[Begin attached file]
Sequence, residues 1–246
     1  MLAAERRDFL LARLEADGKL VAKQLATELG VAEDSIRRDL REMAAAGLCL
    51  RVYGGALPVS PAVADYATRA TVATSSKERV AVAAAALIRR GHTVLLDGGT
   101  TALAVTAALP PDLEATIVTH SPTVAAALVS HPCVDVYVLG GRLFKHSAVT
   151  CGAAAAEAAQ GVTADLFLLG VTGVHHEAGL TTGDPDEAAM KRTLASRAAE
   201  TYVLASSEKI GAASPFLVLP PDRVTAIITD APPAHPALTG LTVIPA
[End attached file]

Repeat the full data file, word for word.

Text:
Sequence, residues 1–246
     1  MLAAERRDFL LARLEADGKL VAKQLATELG VAEDSIRRDL REMAAAGLCL
    51  RVYGGALPVS PAVADYATRA TVATSSKERV AVAAAALIRR GHTVLLDGGT
   101  TALAVTAALP PDLEATIVTH SPTVAAALVS HPCVDVYVLG GRLFKHSAVT
   151  CGAAAAEAAQ GVTADLFLLG VTGVHHEAGL TTGDPDEAAM KRTLASRAAE
   201  TYVLASSEKI GAASPFLVLP PDRVTAIITD APPAHPALTG LTVIPA